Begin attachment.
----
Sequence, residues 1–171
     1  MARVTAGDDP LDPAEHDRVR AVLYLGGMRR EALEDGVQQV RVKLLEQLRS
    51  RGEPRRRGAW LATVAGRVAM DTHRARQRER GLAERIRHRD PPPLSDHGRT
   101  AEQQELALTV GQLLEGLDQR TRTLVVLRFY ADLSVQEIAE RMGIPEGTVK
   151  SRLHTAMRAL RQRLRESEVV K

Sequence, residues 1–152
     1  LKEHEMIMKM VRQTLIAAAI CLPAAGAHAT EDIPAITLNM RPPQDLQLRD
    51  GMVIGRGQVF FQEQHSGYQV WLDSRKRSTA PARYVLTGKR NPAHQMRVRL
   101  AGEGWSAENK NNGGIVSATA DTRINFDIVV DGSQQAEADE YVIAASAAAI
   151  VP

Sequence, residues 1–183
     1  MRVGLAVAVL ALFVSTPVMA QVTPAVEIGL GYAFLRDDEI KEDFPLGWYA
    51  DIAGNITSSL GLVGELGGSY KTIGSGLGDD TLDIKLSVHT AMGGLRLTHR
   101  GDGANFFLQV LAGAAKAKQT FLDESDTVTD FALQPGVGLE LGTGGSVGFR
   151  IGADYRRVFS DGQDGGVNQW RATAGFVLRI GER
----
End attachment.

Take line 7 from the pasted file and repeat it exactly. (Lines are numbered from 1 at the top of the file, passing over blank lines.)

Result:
     1  LKEHEMIMKM VRQTLIAAAI CLPAAGAHAT EDIPAITLNM RPPQDLQLRD